The TUC conference in Liverpool is to vote on yet another call to boycott Israel. As Sarah Jane put it on another thread “My opinion of Afghanistan is derived entirely from the news I receive about it.”
I suspect this also applies to members of the Fire Brigade union, Unite and Unison vis-à-vis the Middle East.
Today’s interview between James Naughtie and Israeli Deputy Ambassador Talya Lador-Fresher did little to enlighten the listener. The BBC’s theory that the settlements are the only obstacle to peace was put forward to justify the boycott using the “What else could they do?” argument, as in Cherie Blair’s empathetic defence of suicide bombers. Talya Lador-Fresher was only able to squeeze in, just at the end, a reference to the forgotten obligation, the other side of the requirement for peace- ‘some sort of gesture from the Arab world.’
The logic of boycotting Israel escapes me, but coming from people who are continually accusing Israel of collective punishment it is hypocritical in the extreme. Naughtie suggested boycotts are justifiable if you decide a government has failed, or “failed to convince people that its policy is reasonable.” (By that token we should be boycotting….never mind)
Whose fault is it that Israel has failed to convince people anything about its policies? For years the BBC has done its utmost to unconvince them.
A whitewash here, a smear there and half truths everywhere. It seems that the necessity to sustain cordial relations with oil-rich countries is reaching the the point of no return, and the BBC grooms us with its unrelenting campaign to sanitise Islam, vilify Israel, and erode the British identity in a seemingly unstoppable multi pronged onslaught.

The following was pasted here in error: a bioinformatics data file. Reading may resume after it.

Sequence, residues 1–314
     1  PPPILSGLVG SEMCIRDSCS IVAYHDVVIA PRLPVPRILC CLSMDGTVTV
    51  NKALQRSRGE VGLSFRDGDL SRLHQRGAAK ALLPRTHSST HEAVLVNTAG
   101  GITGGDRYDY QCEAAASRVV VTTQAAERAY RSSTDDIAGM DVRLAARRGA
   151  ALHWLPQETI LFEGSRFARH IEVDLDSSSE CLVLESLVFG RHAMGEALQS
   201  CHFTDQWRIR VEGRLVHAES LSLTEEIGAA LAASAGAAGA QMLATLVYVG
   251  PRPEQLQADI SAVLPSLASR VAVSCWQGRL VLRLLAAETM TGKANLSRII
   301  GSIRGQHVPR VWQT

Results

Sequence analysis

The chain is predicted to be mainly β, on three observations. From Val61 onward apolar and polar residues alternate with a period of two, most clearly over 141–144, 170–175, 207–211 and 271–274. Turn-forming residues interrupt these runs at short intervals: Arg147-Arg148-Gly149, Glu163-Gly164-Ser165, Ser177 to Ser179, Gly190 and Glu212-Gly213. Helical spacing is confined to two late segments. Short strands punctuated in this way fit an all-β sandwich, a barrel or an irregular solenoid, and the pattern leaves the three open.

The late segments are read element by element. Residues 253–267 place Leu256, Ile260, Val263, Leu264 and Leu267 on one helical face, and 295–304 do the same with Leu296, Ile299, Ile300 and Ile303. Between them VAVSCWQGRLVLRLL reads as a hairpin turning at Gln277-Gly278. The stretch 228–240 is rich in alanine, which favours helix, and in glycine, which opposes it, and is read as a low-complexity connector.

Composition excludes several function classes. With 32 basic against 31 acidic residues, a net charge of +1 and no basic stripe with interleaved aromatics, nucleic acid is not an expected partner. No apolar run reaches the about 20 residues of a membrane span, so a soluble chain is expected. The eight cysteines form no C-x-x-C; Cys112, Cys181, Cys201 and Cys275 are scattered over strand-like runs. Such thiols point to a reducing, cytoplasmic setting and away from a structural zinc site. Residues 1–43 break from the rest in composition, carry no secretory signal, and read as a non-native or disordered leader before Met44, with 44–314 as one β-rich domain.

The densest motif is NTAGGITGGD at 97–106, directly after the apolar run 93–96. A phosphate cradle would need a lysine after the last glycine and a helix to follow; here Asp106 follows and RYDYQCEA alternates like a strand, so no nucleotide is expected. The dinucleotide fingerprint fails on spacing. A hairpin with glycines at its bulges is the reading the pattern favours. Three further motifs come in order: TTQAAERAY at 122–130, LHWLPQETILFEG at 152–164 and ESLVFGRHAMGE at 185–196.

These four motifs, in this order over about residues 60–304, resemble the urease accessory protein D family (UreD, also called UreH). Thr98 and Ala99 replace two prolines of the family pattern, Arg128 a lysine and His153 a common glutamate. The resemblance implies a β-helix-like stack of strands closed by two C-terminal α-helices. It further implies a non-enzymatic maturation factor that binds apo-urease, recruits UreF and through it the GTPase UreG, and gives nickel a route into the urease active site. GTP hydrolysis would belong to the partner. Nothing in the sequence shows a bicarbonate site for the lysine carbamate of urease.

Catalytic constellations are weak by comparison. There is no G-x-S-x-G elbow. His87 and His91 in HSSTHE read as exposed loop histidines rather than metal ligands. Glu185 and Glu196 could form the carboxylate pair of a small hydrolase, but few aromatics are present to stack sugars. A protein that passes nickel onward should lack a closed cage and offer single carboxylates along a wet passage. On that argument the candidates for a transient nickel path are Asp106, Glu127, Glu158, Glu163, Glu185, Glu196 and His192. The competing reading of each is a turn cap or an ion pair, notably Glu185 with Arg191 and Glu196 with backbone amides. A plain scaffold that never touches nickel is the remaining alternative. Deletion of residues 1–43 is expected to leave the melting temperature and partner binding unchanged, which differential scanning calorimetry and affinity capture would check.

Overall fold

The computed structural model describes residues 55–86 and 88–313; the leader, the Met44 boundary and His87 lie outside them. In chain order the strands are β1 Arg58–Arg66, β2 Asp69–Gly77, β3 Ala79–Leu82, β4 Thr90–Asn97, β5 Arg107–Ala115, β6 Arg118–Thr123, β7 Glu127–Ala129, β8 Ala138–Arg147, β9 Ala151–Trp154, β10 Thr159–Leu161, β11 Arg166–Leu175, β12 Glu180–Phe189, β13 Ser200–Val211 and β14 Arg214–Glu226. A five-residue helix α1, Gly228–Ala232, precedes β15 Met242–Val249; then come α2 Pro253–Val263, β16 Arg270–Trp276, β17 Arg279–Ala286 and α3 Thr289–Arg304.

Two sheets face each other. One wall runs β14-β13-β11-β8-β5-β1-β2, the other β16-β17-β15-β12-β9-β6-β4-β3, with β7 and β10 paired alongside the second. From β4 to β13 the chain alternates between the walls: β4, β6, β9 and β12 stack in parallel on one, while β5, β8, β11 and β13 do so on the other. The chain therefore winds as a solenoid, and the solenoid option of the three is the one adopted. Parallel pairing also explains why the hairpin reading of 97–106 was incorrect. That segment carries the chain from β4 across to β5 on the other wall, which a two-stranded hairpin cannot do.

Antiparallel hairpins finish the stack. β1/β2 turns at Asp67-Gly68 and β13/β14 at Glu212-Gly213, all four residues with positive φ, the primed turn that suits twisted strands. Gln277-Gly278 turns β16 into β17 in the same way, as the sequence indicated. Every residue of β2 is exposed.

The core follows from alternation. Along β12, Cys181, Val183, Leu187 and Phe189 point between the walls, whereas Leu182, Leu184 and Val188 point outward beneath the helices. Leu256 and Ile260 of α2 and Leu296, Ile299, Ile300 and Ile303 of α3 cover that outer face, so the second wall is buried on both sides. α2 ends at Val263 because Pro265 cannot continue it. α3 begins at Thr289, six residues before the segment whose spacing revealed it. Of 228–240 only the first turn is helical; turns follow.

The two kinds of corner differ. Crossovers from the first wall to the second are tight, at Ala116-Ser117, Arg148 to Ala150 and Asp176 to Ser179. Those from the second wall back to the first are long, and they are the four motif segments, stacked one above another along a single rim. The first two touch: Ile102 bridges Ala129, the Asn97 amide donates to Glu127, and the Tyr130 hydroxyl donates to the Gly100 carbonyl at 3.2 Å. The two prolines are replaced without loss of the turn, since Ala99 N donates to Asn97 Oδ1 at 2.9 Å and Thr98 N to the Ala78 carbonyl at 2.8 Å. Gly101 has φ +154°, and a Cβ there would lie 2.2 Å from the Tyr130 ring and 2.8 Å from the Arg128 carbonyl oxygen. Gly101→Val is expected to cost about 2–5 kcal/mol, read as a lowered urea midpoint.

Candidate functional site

Something slipped through the net on BBC World Service.
“Our reporter Mat Heywood has visited the site of a new biocluster that’s being built in Israel. This is a specially designed massive science park, where institutions like universities and hospitals stand alongside small start up companies and even investment banks. The idea is that they can then talk and do business with each other.”
A report so effusively admiring that you had to wonder how it escaped.
“Claire Skentelbery from the Council of European BioRegions joins us on the programme to explain why this set up is vital for the biotechnology industry.”
She was so enthusiastic about bioclusters in general it begged the question – whether, in the long term, Israel’s cutting edge science would not be even more valuable to this country than the Arab oil we’re bending over backwards to be allowed to acquire.
And if we don’t want Israel’s expertise, or if the brains in UK academia do plump for their academic boycotts, I’m sure plenty of other countries will be only too glad to take advantage. So go on Liverpool, boycott everything from Israel and shoot yourself in the foot.